Josef "Pepi" Stiegler is a former alpine ski racer and Olympic gold medalist. He was a member of the Austrian national ski team during the late 1950s and early 1960s and was one of the world's premier racers. His two children are on the U.S. Ski Team: daughter Resi is on the World Cup team and son Seppi is on the Nor-Am circuit.

Bergisel Ski Jump

The Bergisel Ski Jump, whose stadium has a capacity of 26,000, is a ski jumping hill located in Bergisel in Innsbruck, Austria. It is one of the more important venues in the FIS Ski Jumping World Cup, annually hosting the third competition of the prestigious Four Hills Tournament.

Axams Place in Tyrol, Austria

Axams is a municipality in the district of Innsbruck Land in the Austrian state of Tyrol.

For the 1964 Winter Olympics in Innsbruck, Austria, a total of eight sports venues were used. Luge made its debut at these games, but were marred by the death of a British slider two weeks prior to the Games. A second ski jumping event debuted and the best two out of three jumps were used in both events for the only time in the history of the Winter Olympics. All eight venues would be used again when the Winter Games returned to Innsbruck twelve years later though the venues would undergo renovations in time for the 1976 Games.

For the 1972 Winter Olympics in Sapporo, Japan, a total of twelve sports venues were used. A thirteenth venue which was a reserved luge course was constructed, but never used in actual competition. Construction on all but of the venues used took place between 1968 and early 1971 in time for the test events. The Tsuskisamu Indoor Skating Rink was not completed until late 1971 or early 1972 because the number of teams scheduled to compete at the 1972 Games was not known. At the actual luge venue used, a malfunctioning starting gate during the first run led to the results being cancelled and rerun being ordered. The results of this event led to the only tie in Olympic luge history. The ski jumps at Miyanomori and Okurayama served as host venues for the FIS Nordic World Ski Championships thirty-five years later.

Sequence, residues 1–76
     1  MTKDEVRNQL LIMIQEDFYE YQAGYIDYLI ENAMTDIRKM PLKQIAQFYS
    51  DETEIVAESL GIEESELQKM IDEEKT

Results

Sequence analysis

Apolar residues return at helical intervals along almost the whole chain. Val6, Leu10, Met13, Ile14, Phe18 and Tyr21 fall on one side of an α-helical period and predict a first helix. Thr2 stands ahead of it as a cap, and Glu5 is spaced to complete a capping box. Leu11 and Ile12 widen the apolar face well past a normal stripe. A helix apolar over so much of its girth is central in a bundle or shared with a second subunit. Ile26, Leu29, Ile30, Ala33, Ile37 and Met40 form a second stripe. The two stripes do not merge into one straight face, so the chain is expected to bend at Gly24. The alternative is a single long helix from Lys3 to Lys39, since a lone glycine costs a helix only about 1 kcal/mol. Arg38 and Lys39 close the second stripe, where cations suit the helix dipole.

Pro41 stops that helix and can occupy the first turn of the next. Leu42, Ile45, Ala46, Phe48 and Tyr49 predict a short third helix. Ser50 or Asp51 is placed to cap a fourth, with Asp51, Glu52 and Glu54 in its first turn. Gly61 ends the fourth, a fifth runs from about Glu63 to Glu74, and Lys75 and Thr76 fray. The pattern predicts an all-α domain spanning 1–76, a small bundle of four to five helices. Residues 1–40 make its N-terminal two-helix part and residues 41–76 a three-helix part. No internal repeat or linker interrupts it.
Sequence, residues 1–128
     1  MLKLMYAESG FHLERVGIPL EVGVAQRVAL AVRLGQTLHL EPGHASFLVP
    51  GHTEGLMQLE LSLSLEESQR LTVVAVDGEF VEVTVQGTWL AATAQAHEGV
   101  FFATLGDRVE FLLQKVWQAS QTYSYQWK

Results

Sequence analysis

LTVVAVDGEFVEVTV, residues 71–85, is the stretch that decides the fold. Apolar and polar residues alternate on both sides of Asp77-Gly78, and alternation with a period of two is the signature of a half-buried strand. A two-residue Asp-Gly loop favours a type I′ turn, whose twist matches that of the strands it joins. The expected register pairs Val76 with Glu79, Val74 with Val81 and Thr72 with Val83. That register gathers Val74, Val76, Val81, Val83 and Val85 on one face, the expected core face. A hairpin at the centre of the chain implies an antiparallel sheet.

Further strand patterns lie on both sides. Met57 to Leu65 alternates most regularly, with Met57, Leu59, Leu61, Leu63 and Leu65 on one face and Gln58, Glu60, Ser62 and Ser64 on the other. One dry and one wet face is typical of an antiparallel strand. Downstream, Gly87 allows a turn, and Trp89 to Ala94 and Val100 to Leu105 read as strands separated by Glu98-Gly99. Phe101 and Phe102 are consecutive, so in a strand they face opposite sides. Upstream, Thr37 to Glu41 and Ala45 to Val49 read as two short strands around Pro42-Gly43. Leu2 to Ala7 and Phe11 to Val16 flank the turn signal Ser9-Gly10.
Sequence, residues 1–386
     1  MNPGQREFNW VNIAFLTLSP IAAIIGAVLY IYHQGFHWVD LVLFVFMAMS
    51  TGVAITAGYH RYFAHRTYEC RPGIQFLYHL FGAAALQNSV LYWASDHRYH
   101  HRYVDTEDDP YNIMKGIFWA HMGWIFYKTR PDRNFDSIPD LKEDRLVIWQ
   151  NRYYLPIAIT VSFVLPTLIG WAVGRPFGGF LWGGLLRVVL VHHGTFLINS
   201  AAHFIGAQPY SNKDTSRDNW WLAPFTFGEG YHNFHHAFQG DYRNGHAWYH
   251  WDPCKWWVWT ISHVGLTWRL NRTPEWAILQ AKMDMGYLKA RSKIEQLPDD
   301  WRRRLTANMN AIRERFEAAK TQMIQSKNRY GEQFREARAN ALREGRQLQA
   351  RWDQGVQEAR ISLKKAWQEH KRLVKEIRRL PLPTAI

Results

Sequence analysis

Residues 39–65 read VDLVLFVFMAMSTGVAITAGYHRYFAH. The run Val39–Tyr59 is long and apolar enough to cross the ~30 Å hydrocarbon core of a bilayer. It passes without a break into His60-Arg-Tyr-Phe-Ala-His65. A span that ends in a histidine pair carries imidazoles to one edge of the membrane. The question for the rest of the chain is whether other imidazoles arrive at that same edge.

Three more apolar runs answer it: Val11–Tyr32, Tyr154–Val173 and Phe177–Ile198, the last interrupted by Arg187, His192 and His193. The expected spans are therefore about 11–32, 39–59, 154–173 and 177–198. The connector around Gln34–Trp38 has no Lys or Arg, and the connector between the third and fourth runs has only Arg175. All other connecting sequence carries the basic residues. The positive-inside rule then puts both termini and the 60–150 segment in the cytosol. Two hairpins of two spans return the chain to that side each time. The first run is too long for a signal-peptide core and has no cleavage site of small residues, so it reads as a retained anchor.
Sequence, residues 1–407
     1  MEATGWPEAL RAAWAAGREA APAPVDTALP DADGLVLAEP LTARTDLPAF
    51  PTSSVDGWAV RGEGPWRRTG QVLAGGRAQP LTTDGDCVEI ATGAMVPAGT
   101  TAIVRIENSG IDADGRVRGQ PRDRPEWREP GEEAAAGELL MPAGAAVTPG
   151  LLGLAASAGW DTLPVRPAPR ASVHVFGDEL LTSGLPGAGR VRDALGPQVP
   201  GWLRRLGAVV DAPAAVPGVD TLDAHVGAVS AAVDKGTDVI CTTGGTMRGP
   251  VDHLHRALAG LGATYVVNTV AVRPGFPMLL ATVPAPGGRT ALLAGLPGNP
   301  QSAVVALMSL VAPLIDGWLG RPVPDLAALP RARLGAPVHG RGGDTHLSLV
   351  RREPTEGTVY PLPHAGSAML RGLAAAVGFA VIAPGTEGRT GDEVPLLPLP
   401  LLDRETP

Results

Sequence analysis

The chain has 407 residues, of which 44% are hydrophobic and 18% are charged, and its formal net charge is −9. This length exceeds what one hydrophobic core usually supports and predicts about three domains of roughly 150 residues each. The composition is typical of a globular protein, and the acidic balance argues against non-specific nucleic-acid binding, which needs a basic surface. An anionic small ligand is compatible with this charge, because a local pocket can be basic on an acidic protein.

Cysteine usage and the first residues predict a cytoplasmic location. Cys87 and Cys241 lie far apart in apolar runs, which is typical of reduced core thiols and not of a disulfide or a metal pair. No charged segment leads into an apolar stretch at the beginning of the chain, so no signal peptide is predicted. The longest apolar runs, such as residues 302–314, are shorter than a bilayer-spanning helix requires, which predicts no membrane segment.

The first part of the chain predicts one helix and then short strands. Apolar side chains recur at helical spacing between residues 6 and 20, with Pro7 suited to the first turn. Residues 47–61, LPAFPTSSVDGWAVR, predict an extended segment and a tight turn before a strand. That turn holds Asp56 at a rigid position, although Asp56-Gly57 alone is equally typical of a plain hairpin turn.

Venues of the 1976 Winter Olympics

For the 1976 Winter Olympics in Innsbruck, Austria, a total of eight sports venues were used. The games were originally awarded to Denver, Colorado in the United States in 1970, but they withdrew in the wake of Colorado residents voting against it for environmental and cost reasons in November 1972. This led to the International Olympic Committee opening up the bids for the games again, eventually awarding them to Innsbruck in February 1973. The Austrian city, having hosted the Winter Olympics in 1964, was in the process of having the venues used for those Games before Denver's with clear cutting of the alpine skiing venues, lessening of the amount of cross-country skiing routes, upgrading the ski jumps, adding lighting in the indoor sports arena to accommodate color television, and the construction of a combination bobsleigh and luge track. After the 1976 Games, the venues have remained in use, hosting events in Nordic skiing and the sliding sports. They hosted some of the events for the Winter Universiade in 2005 and seven of the eight venues served as host for the first Winter Youth Olympic Games in 2012.

Alpine skiing at the 1976 Winter Olympics – Mens slalom Mens slalom events at the Olympics

The Men's slalom competition of the Innsbruck 1976 Olympics was held at Axamer Lizum on Saturday, 14 February.

The Women's giant slalom competition of the Innsbruck 1976 Olympics was held at Axamer Lizum on Friday, 13 February.

The Men's giant slalom competition of the Innsbruck 1964 Olympics was held at Axamer Lizum.

The Men's slalom competition of the Innsbruck 1964 Olympics was held at Axamer Lizum.

The Women's downhill competition of the Innsbruck 1964 Olympics was held at Axamer Lizum on Thursday, 6 February.

The Women's giant slalom competition of the Innsbruck 1964 Olympics was held at Axamer Lizum.

The Women's slalom competition of the Innsbruck 1964 Olympics was held at Axamer Lizum, Austria.

References

Axamer Lizum in 2015 Lizum01.jpg
Axamer Lizum in 2015

Coordinates: 47°11′45″N11°18′05″E / 47.19583°N 11.30139°E / 47.19583; 11.30139